China on Thursday warned Vietnam to end exploration of oil and gas deposits in disputed areas of the South China Sea and to stop harassing its fishing boats, as tensions escalate between the two nations over the maritime row.
The caution from Beijing comes days after reports that Chinese vessels had cut the cables of a ship belonging to Vietnamese state-owned oil and gas company PetroVietnam while it was surveying waters in the area.
"Vietnam's statement is inconsistent with the facts," Chinese Foreign Ministry spokesman Hong Lei said of the reported incident at a news briefing in Beijing.
PetroVietnam authorities said that the confrontation occurred Friday when its ship, the Banh Minh 02, was surveying an area off the coast of Vietnam’s Con Co Island where it encountered a large number of Chinese fishing boats which then sailed behind the ship, cutting its seismic cables.
Hong claimed Thursday that the Chinese fishing boats were in a disputed area of the sea off of China’s Hainan province. He said they had been “conducting regular fishing activities” and were “unreasonably” expelled from the area by Vietnamese military vessels.
His remarks followed a statement by Vietnamese foreign affairs spokesman Luong Thanh Nghi on Tuesday that China had "violated Vietnam's sovereignty.”
According to a report by Agence France-Presse, Nghi also called for China to "immediately end this wrongdoing and not allow similar acts to reoccur.”
The incident is the second time that Chinese fishing vessels have reportedly damaged the ship’s cables, after a similar occurrence at the end of May 2011 that triggered street protests in the capital, Hanoi.
Vietnam has overlapping territorial claims with China in the potentially oil and gas-rich South China Sea, as do the Philippines, Malaysia, Brunei, and Taiwan.
But China insists it has sovereignty rights over virtually all of the waters within a “nine-dash line”—sometimes called the "Cow Tongue" line—which demarcates its territories in the South China Sea.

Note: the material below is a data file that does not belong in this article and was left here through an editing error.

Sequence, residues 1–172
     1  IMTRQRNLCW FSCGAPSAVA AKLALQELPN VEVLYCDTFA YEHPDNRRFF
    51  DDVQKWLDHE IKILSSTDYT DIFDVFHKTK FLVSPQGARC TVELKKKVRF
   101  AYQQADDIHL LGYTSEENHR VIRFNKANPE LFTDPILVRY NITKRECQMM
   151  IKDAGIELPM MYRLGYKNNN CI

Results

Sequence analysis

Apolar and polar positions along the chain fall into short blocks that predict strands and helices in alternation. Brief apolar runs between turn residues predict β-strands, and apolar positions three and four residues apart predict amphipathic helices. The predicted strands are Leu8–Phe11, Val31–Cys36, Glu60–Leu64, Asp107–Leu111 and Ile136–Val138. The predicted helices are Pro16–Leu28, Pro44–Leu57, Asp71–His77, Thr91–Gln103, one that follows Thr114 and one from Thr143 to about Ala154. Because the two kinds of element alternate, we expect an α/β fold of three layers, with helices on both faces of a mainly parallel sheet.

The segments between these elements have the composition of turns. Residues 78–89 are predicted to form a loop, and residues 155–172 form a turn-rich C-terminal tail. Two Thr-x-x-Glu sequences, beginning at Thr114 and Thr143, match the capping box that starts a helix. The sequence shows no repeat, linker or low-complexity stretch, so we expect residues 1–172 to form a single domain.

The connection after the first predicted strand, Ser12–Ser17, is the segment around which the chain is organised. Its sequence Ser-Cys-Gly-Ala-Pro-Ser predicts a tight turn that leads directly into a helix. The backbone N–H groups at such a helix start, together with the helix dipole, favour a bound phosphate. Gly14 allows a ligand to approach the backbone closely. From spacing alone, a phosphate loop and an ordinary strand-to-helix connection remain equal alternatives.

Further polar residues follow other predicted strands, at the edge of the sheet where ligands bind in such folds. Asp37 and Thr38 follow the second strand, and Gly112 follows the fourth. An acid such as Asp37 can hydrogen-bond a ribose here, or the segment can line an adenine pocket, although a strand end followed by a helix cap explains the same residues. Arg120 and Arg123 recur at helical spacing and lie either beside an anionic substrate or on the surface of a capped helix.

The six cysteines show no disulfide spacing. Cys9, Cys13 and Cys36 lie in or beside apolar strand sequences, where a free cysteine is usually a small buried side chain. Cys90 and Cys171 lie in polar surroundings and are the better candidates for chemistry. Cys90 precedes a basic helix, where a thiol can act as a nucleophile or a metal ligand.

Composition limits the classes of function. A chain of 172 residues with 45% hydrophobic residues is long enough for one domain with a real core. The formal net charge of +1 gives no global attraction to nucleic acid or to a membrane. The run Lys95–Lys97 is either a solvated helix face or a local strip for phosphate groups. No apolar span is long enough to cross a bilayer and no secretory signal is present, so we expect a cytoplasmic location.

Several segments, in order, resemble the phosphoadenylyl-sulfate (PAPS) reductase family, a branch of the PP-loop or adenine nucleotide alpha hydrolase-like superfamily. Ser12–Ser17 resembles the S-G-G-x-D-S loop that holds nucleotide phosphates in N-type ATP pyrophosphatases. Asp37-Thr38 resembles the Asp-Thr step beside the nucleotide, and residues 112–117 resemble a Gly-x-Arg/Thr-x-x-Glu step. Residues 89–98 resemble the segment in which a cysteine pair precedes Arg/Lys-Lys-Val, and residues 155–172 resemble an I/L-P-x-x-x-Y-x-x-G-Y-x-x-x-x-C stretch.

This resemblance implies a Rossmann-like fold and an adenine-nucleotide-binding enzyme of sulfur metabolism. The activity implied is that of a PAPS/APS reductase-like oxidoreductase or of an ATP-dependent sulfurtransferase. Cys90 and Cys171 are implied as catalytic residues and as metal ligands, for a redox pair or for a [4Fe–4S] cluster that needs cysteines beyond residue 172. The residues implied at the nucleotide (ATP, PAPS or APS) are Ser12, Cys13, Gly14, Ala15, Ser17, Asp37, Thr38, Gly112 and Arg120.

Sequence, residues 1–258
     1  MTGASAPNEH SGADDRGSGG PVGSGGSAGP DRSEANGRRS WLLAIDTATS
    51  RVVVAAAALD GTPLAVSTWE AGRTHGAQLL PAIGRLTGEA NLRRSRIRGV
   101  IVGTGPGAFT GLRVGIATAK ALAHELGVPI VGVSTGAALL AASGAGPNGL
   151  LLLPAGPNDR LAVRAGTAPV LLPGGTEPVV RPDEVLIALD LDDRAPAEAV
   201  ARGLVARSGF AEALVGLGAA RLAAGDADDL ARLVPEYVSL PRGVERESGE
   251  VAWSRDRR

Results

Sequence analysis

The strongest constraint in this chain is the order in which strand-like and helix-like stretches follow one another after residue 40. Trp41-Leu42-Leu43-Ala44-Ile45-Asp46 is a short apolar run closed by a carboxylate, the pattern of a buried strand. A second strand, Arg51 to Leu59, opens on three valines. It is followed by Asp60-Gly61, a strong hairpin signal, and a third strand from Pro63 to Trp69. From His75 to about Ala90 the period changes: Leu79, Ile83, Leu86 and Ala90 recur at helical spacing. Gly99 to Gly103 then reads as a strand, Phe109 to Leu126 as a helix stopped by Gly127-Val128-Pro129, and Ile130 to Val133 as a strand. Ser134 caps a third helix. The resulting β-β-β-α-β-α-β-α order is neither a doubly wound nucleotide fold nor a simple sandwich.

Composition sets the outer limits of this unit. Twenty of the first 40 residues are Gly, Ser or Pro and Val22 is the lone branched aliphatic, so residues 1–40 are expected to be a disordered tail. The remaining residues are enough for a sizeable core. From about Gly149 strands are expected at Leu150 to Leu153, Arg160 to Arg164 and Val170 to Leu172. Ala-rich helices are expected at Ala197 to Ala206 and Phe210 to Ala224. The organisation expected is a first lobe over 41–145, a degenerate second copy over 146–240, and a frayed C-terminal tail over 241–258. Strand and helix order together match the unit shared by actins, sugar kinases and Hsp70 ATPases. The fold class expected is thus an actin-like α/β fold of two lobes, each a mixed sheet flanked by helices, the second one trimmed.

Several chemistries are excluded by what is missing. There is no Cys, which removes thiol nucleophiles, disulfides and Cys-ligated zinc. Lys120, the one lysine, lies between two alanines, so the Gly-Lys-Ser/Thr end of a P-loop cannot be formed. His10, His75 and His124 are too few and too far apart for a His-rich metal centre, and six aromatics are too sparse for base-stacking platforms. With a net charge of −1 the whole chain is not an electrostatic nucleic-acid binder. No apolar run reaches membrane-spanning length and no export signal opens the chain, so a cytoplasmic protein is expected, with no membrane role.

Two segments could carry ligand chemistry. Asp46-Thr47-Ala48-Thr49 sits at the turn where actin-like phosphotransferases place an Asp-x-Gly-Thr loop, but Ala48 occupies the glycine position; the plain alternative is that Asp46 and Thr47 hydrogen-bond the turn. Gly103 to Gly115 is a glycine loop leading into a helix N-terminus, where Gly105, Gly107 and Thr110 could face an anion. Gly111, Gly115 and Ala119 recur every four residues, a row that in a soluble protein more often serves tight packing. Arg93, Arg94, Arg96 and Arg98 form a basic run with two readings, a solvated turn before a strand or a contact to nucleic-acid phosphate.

Hong said that Beijing and Hanoi were in negotiations over the area where the most recent incident took place, which he referred to as the “North Bay Estuary.”
“We hope relevant parties don’t take any unilateral action of the oil and gas extraction in relevant waters and stop interference of China’s normal fishing in order to create favorable conditions for the friendly negotiations between China and Vietnam,” Hong said.
China, which is also exploring for oil and gas in the South China Sea, routinely warns nations with similar interests in the area to back off.
India said earlier this week that it was prepared to send navy vessels to the area to protect its joint oil exploration interests with Vietnam, earning a rebuke from Beijing.
China also recently announced that beginning next year patrol vessels will "intercept and board" any foreign vessels in areas over which it claims sovereignty in the South China Sea.
The escalating tensions come as China has made moves to increase the might of its navy, launching its first aircraft carrier in September and recently testing its first two stealth jet fighters.
Beijing also recently issued new passports for its citizens that include an official Chinese map which incorporates all of the disputed territories in the South China Sea according to the “nine-dash line,” drawing criticism from neighboring countries.
China has refused efforts to resolve disputes internationally, preferring to deal individually with rival claimants.
Despite 10 years of diplomacy, China has refused to hold formal talks with the Association of Southeast Asian Nations (ASEAN) on devising a binding code of conduct aimed at reducing any chances of conflict in the sea, which experts say is Asia's biggest potential military flashpoint.
Reported by Joshua Lipes.